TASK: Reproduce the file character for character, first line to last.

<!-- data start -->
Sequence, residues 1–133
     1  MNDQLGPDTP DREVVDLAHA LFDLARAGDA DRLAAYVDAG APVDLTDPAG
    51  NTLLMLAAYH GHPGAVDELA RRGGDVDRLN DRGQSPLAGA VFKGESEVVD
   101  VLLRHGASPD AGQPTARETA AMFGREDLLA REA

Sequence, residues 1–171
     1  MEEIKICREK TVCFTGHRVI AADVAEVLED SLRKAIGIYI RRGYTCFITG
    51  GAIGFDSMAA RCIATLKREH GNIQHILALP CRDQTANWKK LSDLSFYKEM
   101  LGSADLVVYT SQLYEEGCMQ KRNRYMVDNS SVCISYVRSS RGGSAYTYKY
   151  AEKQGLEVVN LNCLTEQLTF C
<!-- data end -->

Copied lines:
Sequence, residues 1–133
     1  MNDQLGPDTP DREVVDLAHA LFDLARAGDA DRLAAYVDAG APVDLTDPAG
    51  NTLLMLAAYH GHPGAVDELA RRGGDVDRLN DRGQSPLAGA VFKGESEVVD
   101  VLLRHGASPD AGQPTARETA AMFGREDLLA REA

Sequence, residues 1–171
     1  MEEIKICREK TVCFTGHRVI AADVAEVLED SLRKAIGIYI RRGYTCFITG
    51  GAIGFDSMAA RCIATLKREH GNIQHILALP CRDQTANWKK LSDLSFYKEM
   101  LGSADLVVYT SQLYEEGCMQ KRNRYMVDNS SVCISYVRSS RGGSAYTYKY
   151  AEKQGLEVVN LNCLTEQLTF C